In the US the family-owned enterprise seems to be the poor relation of the business world. Entrepreneurs such as Jeff Bezos, the founder of Amazon, and Mark Zuckerberg, who founded Facebook, are household names. Becoming an entrepreneur is the fashionable route that many want to travel.
As a result, business schools are geared up to teach students how to launch their own companies. The ethos is that entrepreneurs, not families, create jobs.
“I would say culturally, in the US, we put the entrepreneur on a pedestal,” explains Andrew Keyt, executive director of the Family Business Center at the Quinlan School of Business at Loyola Unversity Chicago. He is also president of the North American branch of the Family Business Network.
Mr Keyt says the US romanticisation of the entrepreneur could be contrasted with how the media has treated stories of family businesses. “I think our media just loves to tell the stories of family fights … rarely do you hear the stories of family success,” he says.
But many family business experts think that the emphasis on entrepreneurs could be misplaced.
“We have research in the United States that shows that 77 per cent of new ventures start as family businesses and another 3 per cent become family businesses within two years of being established,” says Pramodita Sharma, global director for the Successful Transgenerational Entrepreneurship Practices (Step) project at Babson and professor of family business at the University of Vermont School of Business Administration
The secret of this large percentage is in the small print. The researchers, she says, included any company in which family members have made significant contributions in terms of finance, human capital and social networks. With the net cast more widely, more entrepreneurs suddenly looked suspiciously like a family business.
Greg McCann, founder and director of Stetson University’s Family Enterprise Center, also thinks such businesses have an image problem in America.
“In the US everyone wants to identify themselves as an entrepreneur,” he says, adding that it is almost as if people want to say: “We’re not a family business, we like to do things properly.”
Mr McCann says the current image of a family business in the US is a serious drawback because of the large numbers of companies involved.
“Especially in the US, families are managing their businesses alone. The best numbers we have are that two out of three businesses fail – what if we helped them?” he asks.
Most experts agree that crucial to further development of advice and education for such enterprises is further research.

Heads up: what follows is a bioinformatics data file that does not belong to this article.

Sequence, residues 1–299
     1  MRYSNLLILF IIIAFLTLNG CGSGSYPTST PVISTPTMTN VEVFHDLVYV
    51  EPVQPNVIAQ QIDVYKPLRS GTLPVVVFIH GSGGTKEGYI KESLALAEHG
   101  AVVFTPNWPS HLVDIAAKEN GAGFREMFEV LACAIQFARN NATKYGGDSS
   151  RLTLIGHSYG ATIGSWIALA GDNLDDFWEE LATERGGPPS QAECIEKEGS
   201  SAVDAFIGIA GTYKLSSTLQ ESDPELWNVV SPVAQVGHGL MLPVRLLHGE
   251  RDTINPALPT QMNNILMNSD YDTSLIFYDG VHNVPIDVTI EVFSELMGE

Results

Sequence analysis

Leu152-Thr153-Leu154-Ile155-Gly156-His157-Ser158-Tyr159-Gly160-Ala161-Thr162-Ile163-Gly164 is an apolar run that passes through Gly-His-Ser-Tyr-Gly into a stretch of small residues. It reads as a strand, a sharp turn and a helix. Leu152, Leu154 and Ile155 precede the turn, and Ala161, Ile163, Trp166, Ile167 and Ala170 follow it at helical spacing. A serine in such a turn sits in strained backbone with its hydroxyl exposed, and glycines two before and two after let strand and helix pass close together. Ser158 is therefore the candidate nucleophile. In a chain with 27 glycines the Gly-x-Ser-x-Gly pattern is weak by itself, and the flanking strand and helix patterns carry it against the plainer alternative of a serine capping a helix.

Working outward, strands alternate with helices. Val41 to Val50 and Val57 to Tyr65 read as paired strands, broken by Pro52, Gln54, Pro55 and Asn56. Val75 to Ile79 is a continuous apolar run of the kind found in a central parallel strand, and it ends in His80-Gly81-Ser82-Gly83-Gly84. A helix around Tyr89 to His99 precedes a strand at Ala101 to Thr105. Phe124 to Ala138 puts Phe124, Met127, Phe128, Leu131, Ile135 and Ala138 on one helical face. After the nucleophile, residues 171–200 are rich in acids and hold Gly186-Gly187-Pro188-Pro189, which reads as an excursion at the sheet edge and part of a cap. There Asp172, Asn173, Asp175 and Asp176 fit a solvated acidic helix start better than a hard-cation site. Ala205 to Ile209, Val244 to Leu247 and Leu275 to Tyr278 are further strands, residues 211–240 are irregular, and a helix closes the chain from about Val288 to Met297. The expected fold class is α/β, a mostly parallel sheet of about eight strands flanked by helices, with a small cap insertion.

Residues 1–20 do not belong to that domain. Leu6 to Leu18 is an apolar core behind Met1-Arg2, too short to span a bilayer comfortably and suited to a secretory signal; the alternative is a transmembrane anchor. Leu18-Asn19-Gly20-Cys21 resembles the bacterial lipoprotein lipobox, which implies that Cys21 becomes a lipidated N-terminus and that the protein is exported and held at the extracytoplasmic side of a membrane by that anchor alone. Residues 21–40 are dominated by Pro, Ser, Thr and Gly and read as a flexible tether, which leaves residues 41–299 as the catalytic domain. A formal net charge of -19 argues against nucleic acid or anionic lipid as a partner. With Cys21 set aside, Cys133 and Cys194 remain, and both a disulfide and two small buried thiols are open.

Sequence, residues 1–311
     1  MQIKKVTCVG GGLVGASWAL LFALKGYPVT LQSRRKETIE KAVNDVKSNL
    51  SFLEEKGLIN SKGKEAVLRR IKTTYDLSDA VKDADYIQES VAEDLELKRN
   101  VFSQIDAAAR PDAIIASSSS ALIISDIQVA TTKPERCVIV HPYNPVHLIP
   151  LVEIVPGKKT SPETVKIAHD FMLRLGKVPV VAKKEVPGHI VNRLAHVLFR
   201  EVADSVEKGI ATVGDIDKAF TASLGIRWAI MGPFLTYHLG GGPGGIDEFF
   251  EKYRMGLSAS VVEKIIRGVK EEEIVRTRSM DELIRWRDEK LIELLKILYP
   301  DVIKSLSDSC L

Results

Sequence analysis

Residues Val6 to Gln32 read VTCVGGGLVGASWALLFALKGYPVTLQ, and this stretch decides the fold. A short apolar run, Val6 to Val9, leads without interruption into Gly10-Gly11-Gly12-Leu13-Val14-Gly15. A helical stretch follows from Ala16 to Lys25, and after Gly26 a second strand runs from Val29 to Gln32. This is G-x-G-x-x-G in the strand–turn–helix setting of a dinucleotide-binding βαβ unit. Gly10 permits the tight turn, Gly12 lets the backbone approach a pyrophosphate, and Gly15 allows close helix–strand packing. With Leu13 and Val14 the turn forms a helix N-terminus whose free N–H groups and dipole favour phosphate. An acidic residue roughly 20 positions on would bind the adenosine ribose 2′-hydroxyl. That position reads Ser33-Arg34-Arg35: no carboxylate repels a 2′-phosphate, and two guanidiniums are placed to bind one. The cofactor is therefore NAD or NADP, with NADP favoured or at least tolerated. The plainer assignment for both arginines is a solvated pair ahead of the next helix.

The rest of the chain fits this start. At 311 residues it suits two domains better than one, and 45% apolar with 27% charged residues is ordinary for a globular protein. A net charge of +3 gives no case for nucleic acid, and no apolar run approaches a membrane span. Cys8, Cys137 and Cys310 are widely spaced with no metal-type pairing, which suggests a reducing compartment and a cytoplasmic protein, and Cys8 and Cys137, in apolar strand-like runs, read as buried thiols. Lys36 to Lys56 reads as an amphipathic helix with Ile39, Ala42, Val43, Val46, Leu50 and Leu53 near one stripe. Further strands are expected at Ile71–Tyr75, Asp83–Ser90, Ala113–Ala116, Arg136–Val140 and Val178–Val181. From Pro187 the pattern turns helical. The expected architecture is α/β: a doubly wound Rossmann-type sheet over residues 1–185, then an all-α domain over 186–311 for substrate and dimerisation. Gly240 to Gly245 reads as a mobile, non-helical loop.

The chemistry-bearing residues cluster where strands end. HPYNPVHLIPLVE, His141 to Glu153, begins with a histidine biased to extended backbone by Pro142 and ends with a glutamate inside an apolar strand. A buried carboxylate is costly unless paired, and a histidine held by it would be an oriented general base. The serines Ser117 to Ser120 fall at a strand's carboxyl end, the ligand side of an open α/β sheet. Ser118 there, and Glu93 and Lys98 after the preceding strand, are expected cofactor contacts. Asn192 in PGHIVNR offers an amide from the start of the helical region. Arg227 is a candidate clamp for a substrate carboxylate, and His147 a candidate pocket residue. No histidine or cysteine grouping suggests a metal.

Some experts are beginning to look beyond the high rates of business closures and view them not as failures but as cashing in on a successful entrepreneurship or young family business.
For example, David Robinson, professor of finance at Duke University’s Fuqua School of Business, thinks the headline statistics may be misleading. Many companies that go out of business are sold rather than going bankrupt, he says.
“Research shows that if your parents were entrepreneurs you’re more likely to want to be an entrepreneur yourself,” says Prof Robinson.
He says US parents are understanding of children wanting to pursue their own path and might be prepared to sell their company to raise money for their offspring to start a business.
Ann Kinkade, who founded the lobbying group Family Enterprise USA about five years ago and now runs her own family business consultancy, Lucid Legacy, agrees. “Entrepreneurship is part of our culture,” she says. “What happens in the US is that we think of supporting the next generation in what they want to do.”
Ms Kinkade thinks that her previous role lobbying for family businesses became slightly easier after the financial crisis, when legislators and regulators began to notice that family concerns tended to engage with their communities better and hold on to employees for longer.
A general rethink has also been noted by Prof Sharma: “The negative bias against nepotism is clearing.”
As perceptions of family businesses improve in the US, so too does the status of research and education relating to this sector.
“I do think that there’s increased focus on the importance of values and ethics in business education and that naturally leads to an emphasis on family business education,” says Mr Keyt.
He says he sees business education as falling into four broad categories: graduate, undergraduate, executive education and, finally, seminars and outreach programmes. Until recently, he adds, family business education in the US had largely fallen into the last category.
“Provision has steadily been increasing towards more provision in degree courses,” Mr Keyt says, adding that the status of family business education was being helped by the improving status of research published on family business topics.
However, he concedes that progress in education in this area still has a long way to go. In contrast, he says the teaching of entrepreneurship is 20 years ahead of family enterprise in US business schools.
For Prof Robinson, however, that is just how things should remain. Unlike some of his academic peers who have homed in on issues such as family conflicts and how successful family businesses resolve them, Prof Robinson believes that when deciding on a business strategy it should be immaterial if you are working for a family member or not.
“I think if my school put forward a proposal to start a family business course and it was down to me, I would veto it. It’s anathema, apart from possibly on a tax-planning perspective.”